The blood chemical called C-reactive protein (CRP)–an indicator of inflammation–is elevated in many heart disease patients. A new study of people who died suddenly of various causes finds that those who succumbed to a heart attack had an abundance of CRP in the blood, even though few had had outward signs of heart problems.
The finding bolsters the case for using CRP as a diagnostic tool to detect heart ailments because autopsies revealed that high CRP concentrations in blood coincide with the presence of dangerously unstable atherosclerotic plaques in the coronary arteries.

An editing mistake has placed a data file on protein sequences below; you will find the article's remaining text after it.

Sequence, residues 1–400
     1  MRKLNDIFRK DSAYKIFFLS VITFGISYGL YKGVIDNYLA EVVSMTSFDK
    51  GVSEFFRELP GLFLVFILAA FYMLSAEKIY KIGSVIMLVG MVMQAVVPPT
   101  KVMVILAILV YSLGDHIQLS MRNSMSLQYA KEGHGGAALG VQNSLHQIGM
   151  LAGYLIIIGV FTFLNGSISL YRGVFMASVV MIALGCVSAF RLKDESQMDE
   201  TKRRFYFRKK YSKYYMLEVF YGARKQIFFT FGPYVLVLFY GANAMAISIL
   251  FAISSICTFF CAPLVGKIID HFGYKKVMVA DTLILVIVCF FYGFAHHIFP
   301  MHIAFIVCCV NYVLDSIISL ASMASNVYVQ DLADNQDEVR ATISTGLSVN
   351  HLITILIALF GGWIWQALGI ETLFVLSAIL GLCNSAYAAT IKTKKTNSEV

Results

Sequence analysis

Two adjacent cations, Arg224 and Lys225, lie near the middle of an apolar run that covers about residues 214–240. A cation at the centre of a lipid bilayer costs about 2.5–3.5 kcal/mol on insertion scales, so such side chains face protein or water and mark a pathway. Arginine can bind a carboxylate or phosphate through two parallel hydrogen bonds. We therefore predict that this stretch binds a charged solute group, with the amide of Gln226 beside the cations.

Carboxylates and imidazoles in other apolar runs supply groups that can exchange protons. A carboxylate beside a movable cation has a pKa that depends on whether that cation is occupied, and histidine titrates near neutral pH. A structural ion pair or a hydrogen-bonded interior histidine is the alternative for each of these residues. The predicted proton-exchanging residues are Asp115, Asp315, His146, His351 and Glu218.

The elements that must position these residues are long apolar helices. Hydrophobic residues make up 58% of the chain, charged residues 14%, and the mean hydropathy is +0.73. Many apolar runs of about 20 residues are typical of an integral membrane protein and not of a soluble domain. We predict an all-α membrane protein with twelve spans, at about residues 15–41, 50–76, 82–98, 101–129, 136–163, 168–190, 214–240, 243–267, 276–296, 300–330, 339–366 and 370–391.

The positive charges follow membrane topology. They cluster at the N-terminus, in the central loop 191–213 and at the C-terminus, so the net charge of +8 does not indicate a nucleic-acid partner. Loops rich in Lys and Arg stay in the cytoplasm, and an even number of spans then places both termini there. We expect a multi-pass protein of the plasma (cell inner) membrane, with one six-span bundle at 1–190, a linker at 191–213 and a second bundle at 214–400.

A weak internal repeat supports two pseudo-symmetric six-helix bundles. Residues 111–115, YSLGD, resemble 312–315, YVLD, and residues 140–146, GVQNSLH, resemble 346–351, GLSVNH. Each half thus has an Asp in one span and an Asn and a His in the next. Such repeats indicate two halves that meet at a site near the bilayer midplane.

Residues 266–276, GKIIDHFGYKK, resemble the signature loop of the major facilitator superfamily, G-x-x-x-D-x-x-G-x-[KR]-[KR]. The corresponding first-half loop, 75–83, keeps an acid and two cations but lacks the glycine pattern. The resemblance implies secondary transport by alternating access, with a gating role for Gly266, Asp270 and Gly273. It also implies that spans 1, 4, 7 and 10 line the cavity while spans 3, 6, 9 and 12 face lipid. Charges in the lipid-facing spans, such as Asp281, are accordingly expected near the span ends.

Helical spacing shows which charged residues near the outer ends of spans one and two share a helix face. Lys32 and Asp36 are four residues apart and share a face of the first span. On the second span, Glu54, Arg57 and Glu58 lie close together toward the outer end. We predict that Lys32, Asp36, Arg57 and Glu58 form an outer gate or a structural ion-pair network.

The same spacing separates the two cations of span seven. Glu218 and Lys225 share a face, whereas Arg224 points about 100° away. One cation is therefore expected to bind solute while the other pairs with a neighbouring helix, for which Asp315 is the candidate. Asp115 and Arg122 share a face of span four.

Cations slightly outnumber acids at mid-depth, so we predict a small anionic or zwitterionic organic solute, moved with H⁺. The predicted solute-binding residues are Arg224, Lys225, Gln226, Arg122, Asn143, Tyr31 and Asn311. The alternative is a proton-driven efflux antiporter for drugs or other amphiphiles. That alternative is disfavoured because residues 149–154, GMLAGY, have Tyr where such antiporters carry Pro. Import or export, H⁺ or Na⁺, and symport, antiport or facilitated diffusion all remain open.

Plaques can be fat-filled or fibrous. In a coronary artery, either type can cause a heart attack. Unstable, fat-filled plaques can burst, and the blood's clotting factors rush to the site and block the vessel. Sometimes fibrous plaques also come apart, attracting clotting agents, or they remain intact but narrow the vessel and short-circuit the heart's signals, says Allen P. Burke, a pat